The email came on a day I was having a classic actor stress fest about not having had any jobs (with the exception of voicework) in what seemed an age. 'Fancy doing a film with us for 50 Kisses? Pretty please?'.
Before I'd even read the script, I knew I'd probably say yes-I'd worked with the director (James Card) in his other career as an actor and was eager to see what his directing was like.
But the story made me giggle too - I don't want to give too much away, but it revolves round a man at a bar taking his friend's advice on how to chat up a girl he's got his eye on.
Added to that was the fact that James asked me to recommend two actors who were friends in real life to play the men in the film, so I was able to end up working with two of my favourite actors to work with from All Dressed Up With You ltd. (mainly because they have fabulous senses of humour and are ridiculously easy to work with).
We had one meeting at the pub we were filming in (in which we chatted about the film, accents, costume and lots of showbiz gossip on top of some truly awful jokes) before the shoot-we were lucky enough to be able to secure a lovely place in Stratford with wooden panelling and amazing food (always essential to keep the cast and crew fed!). Originally we had one day of filming planned, but because we had so many costume/ hair and make up changes (somewhere in the region of 6 in total-yes, my face was a spotty mess by the end of it and my hair was so damaged I looked a bit like a Barbie who had been sucked up by the hoover) we ended up having to extend the shoot for another morning (fine by me-another lovely free lunch and an excuse not to go into my day job! Hurrah!).
The awesome production team at Thorny Devil kept everyone buzzing throughout both shooting days, and even though the other actors and I were newbies to the team we never felt left out of the banter. The fact that we knew that somewhere there were more teams making films out of the same script was a bit weird to be honest (We speculated on what they'd do and nearly managed to convince our lovely make-up artist to sneak onto their set and somehow sabotage it with her ninja make-up skills before the lapsed catholic guilt set in and we just decided to try and win through hard work) but we mostly tried not to think about the competition factor of the film, which helped us just really enjoy the experience.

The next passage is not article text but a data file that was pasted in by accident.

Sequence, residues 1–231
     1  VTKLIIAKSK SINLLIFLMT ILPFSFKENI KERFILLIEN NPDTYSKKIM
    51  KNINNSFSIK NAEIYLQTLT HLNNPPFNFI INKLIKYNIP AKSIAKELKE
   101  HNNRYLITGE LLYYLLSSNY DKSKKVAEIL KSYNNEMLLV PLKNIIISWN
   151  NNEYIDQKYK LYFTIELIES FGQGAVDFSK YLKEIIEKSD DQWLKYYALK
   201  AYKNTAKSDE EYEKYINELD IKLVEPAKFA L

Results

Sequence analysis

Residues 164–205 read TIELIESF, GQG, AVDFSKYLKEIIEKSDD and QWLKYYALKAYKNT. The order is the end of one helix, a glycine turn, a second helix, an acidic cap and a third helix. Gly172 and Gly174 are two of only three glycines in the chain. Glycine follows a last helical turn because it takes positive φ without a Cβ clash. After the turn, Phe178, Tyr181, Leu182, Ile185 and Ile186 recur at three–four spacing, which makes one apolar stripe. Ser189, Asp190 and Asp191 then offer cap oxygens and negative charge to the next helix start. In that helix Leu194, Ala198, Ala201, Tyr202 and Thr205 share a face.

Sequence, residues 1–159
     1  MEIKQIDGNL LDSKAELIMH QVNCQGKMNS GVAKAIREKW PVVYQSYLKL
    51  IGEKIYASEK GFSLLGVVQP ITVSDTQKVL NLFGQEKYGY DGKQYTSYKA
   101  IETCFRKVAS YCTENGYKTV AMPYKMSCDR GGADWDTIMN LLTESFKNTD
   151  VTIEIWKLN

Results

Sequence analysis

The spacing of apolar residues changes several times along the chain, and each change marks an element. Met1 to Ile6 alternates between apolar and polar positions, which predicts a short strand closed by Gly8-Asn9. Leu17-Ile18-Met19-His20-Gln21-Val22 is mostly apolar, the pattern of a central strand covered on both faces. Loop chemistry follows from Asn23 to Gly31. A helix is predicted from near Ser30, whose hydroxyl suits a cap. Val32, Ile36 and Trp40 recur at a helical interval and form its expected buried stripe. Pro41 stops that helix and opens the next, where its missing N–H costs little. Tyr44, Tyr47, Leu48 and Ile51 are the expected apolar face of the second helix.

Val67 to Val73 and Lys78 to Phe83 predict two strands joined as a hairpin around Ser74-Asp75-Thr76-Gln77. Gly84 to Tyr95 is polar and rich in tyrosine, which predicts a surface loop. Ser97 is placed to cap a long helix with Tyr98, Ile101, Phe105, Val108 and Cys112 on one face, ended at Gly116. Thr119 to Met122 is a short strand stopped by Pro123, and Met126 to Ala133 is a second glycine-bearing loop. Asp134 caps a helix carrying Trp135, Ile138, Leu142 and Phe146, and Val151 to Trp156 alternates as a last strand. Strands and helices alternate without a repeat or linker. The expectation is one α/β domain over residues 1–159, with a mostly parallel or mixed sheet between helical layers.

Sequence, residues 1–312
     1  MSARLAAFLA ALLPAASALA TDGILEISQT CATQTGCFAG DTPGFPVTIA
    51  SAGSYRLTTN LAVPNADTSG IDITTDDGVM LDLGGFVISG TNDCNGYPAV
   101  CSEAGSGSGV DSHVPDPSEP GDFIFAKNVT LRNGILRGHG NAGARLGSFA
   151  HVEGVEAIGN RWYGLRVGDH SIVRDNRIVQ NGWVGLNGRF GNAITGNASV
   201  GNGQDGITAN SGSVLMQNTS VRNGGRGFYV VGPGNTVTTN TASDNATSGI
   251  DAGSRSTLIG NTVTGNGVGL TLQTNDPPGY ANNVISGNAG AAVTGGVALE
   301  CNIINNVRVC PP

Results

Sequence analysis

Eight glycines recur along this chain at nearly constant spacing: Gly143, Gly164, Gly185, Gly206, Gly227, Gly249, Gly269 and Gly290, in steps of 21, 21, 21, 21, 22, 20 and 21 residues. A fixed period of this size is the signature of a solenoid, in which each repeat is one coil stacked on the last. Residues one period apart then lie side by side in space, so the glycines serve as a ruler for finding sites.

The costumes in particular were huge amounts of fun (80's hair and jumpers anyone?) although Bond girl dresses when you're feeling a little lardy are less joyous (but as I discovered, a marvy way to kick-start that diet you've been meaning to get on), and my 30's style look reminded me to dust off my hats and seamed stockings for the winter.
Some difficulty came when the 50 Kisses upload system crashed mere hours before the deadline to get the films in (cue panic from all corners, particularly James and Daniel Moses who had been furiously editing for two days prior, plus lots of swearing, hard booze and frowny faces) but luckily the chaos was noted and we were allowed to submit a little late.
And now comes the bit where we wait. It may be a while-they've got an awful lot to watch after all, but even if we don't make it to the final selection, I've had a bloomin' brilliant time creating the film, and it was a joy to work with an up and coming team as professional and with it as Thorny Devil (who are already onto their next project, so keep your eyes open!).
And I think I'll probably watch the feature film at the end of it all too-you don't do a competition like this without getting a little sucked into the other scripts being worked on, and I've been hearing some highly interesting rumours about some of the finished products!
If I were to have any advice for actors who might want to take part next year, it would be this-even though most of the shoots don't pay in monetary value, there are some seriously great teams working on the competition and the chance to be seen by lots of industry professionals so it's certainly worth it.
Don't mess it up by treating the shoot like it's not a professional job (massive mistake) because people who don't commit and waste time will rarely get recast and are fast to get reputations. Get to know the whole crew, they're the people who work hard to make you and you're surroundings look great and they work their bums off from before you get there till after you leave.
Finally, don't stress about the competition element. Yes, there is a competitive side to the project, but at the end of the day, you're creating a film that will be able to stand alone even if it doesn't make it into the final feature and the process should still be fun and a learning experience.
Fingers crossed for me Readers!